The following is a cross-post from the U.S. Census Bureau's Random Samplings Blog
Blog post by Kevin Smith, Associate Director for Information Technology and Chief Information Officer, U.S. Census Bureau
Protecting the data the U.S. Census Bureau collects is a critical part of our mission and our highest priority. We know the accuracy of our statistics depends on the accuracy of the data we collect. This means that the public must be able to trust us with their data so the Census Bureau can provide quality data about the people and economy of the United States. Some recent conversations in the public raised concerns about what we are doing to secure your data specifically for the 2020 Census. Our response was to address these concerns directly at the Census Bureau’s next scheduled public forum, the 2020 Program Management Review, which was on August 3rd. My view of the underlying fear is “How do we know the Census Bureau is doing enough to protect our data if they are not saying enough about what they are doing?”
I want to stress that our team has been doing everything we can to protect the data, but we are intentionally not saying everything we are doing. Our team is comprised of the Census Bureau, the Census Advisory Committees, federal oversight, the Federal Intelligence Community, and our industry partners. Our team knows the playbook, our collective skills, and our roles on the team to get the 2020 Census ahead of the game in cybersecurity. We have not shared our plans for cybersecurity with the public intentionally to not give the opposing team, adversaries wanting to discredit the federal government, an advantage. This is an ongoing communications challenge in cybersecurity that we will continue to pursue to ensure public confidence and trust in the Census Bureau.
It is important to state that Data Stewardship is engrained throughout the fabric of our culture. Every Census Bureau employee knows the importance of protecting respondent information from the beginning, when a respondent answers, to the end, when the statistical data products are released. Data Stewardship is a team effort including the people, processes, cybersecurity, and technology working together to protect data as dictated by law in Title 13. This is not new to the Census Bureau and encompasses decades of practice, training and behavior.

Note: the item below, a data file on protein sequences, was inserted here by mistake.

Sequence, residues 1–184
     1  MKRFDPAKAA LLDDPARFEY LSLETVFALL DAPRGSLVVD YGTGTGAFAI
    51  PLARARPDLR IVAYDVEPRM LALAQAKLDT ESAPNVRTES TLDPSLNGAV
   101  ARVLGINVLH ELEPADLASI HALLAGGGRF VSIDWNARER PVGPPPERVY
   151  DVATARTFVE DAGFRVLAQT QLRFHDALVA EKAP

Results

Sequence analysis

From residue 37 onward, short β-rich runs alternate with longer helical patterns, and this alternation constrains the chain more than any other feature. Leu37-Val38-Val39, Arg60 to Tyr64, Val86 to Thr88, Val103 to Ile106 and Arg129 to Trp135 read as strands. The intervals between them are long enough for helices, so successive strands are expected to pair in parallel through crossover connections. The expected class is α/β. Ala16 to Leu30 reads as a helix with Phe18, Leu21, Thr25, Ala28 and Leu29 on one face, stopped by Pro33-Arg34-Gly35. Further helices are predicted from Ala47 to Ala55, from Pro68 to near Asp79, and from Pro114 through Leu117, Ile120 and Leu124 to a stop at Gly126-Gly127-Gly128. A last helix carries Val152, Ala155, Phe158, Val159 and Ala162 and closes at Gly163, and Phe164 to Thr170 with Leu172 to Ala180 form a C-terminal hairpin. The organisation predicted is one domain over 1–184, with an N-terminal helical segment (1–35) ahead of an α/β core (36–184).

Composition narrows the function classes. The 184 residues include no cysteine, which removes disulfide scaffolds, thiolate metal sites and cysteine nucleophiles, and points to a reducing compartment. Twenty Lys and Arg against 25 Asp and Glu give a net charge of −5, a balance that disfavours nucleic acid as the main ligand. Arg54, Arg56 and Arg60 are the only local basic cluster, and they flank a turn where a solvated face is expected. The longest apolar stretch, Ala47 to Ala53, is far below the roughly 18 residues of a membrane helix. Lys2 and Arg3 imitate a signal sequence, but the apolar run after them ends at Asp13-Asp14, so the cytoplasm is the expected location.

We have collaborated and coordinated across the federal government and industry to design the systems collecting data for the 2020 Census to secure your data while offering a fluid and balanced user experience. We have designed systems that employ best practice security techniques within our cloud technology to layer the entry into our systems, isolate responses from each other, and lock down data in a vault as quickly as possible after it is submitted.
The operation of this design will help maintain the public’s trust in us by allowing the Census Bureau to contain cybersecurity issues as soon as they are detected to protect data, while sustaining data collection services so respondents may continue to confidentially respond to the 2020 Census. We have put in place solutions that safeguard your data by encrypting the information, limiting access, and actively monitoring our systems to make sure the information stays secure. We have worked with the federal intelligence community and industry to put in place processes and technology to strengthen our cybersecurity posture and improve our incident response capabilities to proactively identify, detect, protect, respond and recover from potential cybersecurity issues as a collective unit. We continually work with cybersecurity experts to keep the technology protected and will continue to assure the public that responding to the Census Bureau, especially for the 2020 Census, is easy, safe, and important.
Protection of your data is at the forefront of every decision we make at the Census Bureau. We take steps every day to protect your data. I recently described more in depth the areas in this blog and welcome you to review the recent 2020 Census Program Management Reviews (PMRs) if you want to learn more about how the Census Bureau is protecting your data.
April 20, 2018 –
2020 Census Program Management Review
Updates on Cybersecurity and Systems Readiness, Update on Cybersecurity; Validating and Ensuring Data Integrity; and Update on Systems Readiness, Kevin Smith, Associate Director for Information Technology and Chief Information Officer; and Atri Kalluri, Chief, Decennial Information Technology Division